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  1. W

    What's everyone use?

    That's what I use for kettle/mash/etc. souring too.
  2. W

    what to do/brew with Gueuze dregs?

    Lactic Acid Bacteria (aka LAB) are very hardy and, if the beer isn't pasteurized, they can survive for years and years. Saccharomyces (i.e. "brewer's yeast" or "baker's yeast" depending on the context) is not nearly as viable. Even if some had survived, there is no way that it would be capable...
  3. W

    what to do/brew with Gueuze dregs?

    You'll definitely want very strict temperature control for the portion of the gravity fermented by Saccharomyces. So, usually at the very least, you'll want to control the temperatures quite steadily for the first 2-4 weeks. Once the Saccharomyces is done and the bacteria (mainly Lactobacillus...
  4. W

    First Sour Beer Attempt Advice Needed

    You could use kettle souring, mash souring, or sour worting to make a "cherry Berliner Weisse" or a "cherry Gose," but a "cherry lambic" / "Kriek" is impossible with that kind of a method. The main reason is the complexity, but it also boils down to lambics being not simply made from...
  5. W

    Greatest Sour EVAR?!

    They had one beer by Cantillon that just said "Zwanze" on it. I didn't order that one because I overheard someone either saying that it was already gone or that it was almost gone. I don't remember, but I was more interested in some of the other Cantillons. So, the Cantillon they had on tap at...
  6. W

    Greatest Sour EVAR?!

    So I went to Russian River yesterday and it was Zwanze Day, so I almost ended up drinking more beer from Cantillon than I did beer from Russian River (though I did have Supplication, Framboise for a Cure, and Pliny the Elder, all of which I had enjoyed before and all of which rule). So I had...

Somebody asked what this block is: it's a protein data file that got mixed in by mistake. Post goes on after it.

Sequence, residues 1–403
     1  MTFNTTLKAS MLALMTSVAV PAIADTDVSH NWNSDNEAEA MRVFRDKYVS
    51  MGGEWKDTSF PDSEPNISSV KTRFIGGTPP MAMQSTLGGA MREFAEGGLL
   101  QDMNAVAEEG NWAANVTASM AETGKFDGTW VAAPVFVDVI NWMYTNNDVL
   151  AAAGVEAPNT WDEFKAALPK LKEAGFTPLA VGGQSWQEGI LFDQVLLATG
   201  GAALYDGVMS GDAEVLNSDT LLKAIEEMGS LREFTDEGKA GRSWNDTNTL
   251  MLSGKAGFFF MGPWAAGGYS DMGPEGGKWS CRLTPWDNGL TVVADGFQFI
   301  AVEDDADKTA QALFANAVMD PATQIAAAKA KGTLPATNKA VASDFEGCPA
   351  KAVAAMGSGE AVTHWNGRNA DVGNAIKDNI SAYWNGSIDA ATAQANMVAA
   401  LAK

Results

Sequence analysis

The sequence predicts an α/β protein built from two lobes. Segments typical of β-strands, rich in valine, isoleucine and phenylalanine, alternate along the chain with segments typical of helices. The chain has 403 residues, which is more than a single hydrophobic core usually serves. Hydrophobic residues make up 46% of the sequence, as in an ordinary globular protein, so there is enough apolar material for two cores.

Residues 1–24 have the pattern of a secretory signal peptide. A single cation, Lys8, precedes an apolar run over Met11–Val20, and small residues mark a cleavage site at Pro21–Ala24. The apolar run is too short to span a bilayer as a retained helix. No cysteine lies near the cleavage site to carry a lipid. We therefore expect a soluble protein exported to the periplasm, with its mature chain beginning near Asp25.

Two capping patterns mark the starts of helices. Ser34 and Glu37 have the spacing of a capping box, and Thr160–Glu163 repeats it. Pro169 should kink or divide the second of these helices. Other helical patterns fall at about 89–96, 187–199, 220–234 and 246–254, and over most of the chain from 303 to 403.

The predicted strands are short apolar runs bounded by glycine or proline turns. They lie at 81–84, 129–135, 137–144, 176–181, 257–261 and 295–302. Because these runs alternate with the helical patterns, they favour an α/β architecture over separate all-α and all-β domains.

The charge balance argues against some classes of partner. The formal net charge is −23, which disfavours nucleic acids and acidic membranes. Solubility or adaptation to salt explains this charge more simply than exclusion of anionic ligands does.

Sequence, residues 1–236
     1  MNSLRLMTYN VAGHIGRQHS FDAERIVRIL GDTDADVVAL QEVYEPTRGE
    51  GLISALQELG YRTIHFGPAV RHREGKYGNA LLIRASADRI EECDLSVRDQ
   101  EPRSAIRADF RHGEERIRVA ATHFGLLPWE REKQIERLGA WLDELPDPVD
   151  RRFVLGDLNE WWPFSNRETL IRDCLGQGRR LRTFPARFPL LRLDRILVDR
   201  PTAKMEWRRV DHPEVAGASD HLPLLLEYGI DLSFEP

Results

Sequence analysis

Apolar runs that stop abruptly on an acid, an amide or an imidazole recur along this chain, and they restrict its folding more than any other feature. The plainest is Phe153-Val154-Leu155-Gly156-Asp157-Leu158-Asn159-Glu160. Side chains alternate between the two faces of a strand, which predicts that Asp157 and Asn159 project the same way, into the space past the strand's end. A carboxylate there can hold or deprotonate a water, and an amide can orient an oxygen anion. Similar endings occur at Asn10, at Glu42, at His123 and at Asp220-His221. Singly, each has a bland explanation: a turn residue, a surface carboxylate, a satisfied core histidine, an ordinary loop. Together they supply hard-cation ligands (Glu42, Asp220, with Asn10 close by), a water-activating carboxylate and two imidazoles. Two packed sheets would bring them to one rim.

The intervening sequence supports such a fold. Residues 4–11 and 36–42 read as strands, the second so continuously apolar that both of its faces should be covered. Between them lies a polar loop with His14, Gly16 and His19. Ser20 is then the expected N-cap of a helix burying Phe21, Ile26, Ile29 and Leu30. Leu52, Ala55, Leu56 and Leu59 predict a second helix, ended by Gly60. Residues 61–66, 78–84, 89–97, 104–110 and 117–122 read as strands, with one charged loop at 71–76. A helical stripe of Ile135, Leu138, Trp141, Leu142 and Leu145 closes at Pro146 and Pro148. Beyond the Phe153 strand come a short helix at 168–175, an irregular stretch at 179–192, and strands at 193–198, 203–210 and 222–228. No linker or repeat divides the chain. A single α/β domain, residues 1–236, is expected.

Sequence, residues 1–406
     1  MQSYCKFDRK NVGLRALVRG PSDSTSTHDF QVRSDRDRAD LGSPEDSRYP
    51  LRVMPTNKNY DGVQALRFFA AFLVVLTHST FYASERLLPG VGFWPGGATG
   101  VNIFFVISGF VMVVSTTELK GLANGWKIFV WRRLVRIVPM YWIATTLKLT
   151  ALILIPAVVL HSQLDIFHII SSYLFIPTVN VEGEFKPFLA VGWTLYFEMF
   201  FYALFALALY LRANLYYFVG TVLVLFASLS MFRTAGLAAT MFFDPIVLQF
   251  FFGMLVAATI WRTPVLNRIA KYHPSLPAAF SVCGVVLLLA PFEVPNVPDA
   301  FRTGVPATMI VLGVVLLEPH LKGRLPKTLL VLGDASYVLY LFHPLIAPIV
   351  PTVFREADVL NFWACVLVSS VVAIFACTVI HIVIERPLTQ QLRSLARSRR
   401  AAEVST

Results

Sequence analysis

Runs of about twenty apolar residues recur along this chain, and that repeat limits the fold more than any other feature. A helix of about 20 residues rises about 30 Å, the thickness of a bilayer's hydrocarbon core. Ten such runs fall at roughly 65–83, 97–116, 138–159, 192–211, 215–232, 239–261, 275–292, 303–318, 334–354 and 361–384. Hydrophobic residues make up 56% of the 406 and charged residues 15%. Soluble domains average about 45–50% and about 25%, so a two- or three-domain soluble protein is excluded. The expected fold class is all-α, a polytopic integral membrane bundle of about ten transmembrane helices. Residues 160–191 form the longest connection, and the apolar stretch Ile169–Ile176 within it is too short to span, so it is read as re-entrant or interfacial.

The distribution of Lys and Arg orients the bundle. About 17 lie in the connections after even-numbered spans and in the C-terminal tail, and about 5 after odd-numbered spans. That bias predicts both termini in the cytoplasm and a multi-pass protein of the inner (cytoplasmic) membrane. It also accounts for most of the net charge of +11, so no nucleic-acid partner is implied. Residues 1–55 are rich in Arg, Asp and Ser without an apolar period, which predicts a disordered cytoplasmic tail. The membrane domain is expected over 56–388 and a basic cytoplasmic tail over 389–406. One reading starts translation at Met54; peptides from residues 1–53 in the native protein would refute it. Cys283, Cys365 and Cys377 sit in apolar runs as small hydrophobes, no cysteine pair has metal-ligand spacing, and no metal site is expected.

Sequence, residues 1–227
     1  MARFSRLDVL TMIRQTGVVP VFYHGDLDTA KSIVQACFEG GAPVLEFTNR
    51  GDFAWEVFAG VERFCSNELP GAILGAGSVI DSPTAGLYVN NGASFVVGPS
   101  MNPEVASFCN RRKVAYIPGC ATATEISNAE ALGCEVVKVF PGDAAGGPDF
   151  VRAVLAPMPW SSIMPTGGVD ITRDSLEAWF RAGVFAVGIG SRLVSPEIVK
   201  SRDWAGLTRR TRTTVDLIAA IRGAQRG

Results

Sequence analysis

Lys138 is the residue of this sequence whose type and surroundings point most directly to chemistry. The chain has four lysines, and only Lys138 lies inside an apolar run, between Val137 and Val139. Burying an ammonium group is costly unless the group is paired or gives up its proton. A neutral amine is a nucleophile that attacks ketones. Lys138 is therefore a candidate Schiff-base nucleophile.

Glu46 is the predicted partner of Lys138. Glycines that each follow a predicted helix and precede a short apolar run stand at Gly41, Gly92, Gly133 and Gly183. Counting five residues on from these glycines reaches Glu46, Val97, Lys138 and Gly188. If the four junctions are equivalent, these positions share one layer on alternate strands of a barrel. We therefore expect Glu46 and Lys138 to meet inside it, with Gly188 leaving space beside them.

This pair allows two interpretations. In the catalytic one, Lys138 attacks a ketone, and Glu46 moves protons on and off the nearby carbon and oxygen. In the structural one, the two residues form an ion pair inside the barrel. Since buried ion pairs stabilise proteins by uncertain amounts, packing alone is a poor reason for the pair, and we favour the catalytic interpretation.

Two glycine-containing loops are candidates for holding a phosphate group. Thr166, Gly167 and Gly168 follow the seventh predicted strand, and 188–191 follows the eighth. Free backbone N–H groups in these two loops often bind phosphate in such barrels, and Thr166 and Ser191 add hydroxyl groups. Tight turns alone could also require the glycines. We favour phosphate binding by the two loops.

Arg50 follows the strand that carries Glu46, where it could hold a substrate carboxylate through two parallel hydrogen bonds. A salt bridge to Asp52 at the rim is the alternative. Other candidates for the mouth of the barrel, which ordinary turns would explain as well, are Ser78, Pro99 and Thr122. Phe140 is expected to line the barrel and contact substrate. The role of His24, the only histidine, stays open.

7. W

    Sweetening my "lambic"

    Some strains of Brett can ferment Glycerol (aka Glycerin), so it would depend on which strain of Brett you're using.
  8. W

    Very thin? ...Report on a Flanders Red

    Yeah, but that's not really a sour beer. It's a Belgian strong pale ale that has some Brett in it as a complementary characteristic (hence the "wild" part of the name). I don't think it tastes particularly sour or funky personally. And you are totally right about the massive head. I wouldn't be...
  9. W

    Very thin? ...Report on a Flanders Red

    This. Sour beers in general don't have much body. The most famous style of sour beer, lambics, have the least body of them all, oftentimes ending with a final gravity around 1.001. In fact, gueuze (blend of aged and young lambic) is usually no higher than 1.001. So, yeah, I do think that...
  10. W

    Can I salvage a normal brew that's gone sour?

    So, there's no pellicle (biofilm) and no specific off flavor? (Green apples is not an off flavor I've ever heard associated with sour beers) Personally I'd wait longer to see if the flavor changes. If it is infected and you can't tie up the equipment for months, then you should dump it. I'm...